A new phishing attack is using fake non-delivery notification in an attempt to steal users’ Microsoft Office 365 credentials. These credentials will then be used to send messages from the users account, further spreading malicious emails and software.
In this case, the attack begins when a user receives a fake non-delivery notification email from ‘Microsoft.’ An example is below:
The fake email instructs the user to simply click the “Send Again” button included in the email. This will redirect the user to a phishing site that impersonates the real Office 365 login. The URL for the phishing page ends with *[email address] and incorporates this information into a dialog box designed to steal the user’s password for their Office 365 credentials.
Due to the size of the Office 365 platform, attacks like these are unfortunately common. In 2017, bad actors used a botnet attack called ‘KnockKnock’ to primarily target Office 365 system accounts. Just a year previously, researchers documented an attack campaign where digital attackers incorporated code into fake shipping alerts to trick users into sending over their Office 365 login credentials.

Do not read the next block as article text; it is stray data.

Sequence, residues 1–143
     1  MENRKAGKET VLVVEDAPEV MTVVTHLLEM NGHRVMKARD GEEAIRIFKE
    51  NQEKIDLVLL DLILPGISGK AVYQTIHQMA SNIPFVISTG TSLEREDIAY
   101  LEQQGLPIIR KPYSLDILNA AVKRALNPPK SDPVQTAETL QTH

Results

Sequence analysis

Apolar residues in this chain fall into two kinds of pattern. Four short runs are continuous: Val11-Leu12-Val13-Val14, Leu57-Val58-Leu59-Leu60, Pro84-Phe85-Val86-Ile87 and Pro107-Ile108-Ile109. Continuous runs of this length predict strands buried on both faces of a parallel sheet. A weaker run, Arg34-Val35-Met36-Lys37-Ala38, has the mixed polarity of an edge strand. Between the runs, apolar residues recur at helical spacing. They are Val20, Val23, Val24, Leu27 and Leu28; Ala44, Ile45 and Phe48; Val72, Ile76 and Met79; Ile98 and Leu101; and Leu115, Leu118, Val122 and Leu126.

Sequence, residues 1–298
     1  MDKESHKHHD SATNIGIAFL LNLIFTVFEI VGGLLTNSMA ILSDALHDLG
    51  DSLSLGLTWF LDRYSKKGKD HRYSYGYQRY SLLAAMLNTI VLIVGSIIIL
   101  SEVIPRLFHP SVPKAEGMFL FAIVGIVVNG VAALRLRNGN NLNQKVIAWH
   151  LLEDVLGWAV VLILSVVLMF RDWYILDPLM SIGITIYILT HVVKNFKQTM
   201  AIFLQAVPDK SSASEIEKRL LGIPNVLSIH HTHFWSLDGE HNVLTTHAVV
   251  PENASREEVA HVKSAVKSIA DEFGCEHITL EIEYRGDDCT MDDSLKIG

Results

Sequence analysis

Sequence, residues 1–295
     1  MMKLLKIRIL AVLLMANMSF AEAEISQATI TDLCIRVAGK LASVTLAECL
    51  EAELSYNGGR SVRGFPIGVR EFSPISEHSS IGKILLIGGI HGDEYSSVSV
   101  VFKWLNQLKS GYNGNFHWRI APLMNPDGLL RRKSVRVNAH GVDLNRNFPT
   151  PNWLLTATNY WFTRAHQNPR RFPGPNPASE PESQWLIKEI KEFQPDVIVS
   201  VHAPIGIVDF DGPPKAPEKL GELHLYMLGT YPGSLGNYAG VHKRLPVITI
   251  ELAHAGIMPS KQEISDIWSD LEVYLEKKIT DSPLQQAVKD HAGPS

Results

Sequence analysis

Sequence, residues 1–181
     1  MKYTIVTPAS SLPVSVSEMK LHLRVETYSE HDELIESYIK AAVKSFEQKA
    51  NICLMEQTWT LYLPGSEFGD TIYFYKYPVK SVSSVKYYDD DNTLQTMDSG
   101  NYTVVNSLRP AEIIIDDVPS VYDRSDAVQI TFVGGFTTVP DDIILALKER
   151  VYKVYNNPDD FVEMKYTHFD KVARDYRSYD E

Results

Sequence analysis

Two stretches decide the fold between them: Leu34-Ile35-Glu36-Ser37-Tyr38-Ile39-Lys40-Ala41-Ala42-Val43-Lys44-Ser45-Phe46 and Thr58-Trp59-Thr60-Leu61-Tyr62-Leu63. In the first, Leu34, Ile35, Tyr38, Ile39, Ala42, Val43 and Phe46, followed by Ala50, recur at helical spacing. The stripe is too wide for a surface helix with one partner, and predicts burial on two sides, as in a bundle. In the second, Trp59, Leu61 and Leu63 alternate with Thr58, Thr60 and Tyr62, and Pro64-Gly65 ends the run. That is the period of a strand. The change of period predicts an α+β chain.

Ultimately, users can protect themselves against these types of email-based attacks by familiarizing themselves with the most common types of phishing operations. They should also consider protecting their Microsoft accounts with two-factor authentication (2FA). Lastly, be prudent when opening an email. Always look at the senders’ information for abnormalities. The same is true for any links contained within an email. In this specific case, the senders address was not a Microsoft domain and the URL the link took you too was agilones.com which has no relation to Microsoft whatsoever.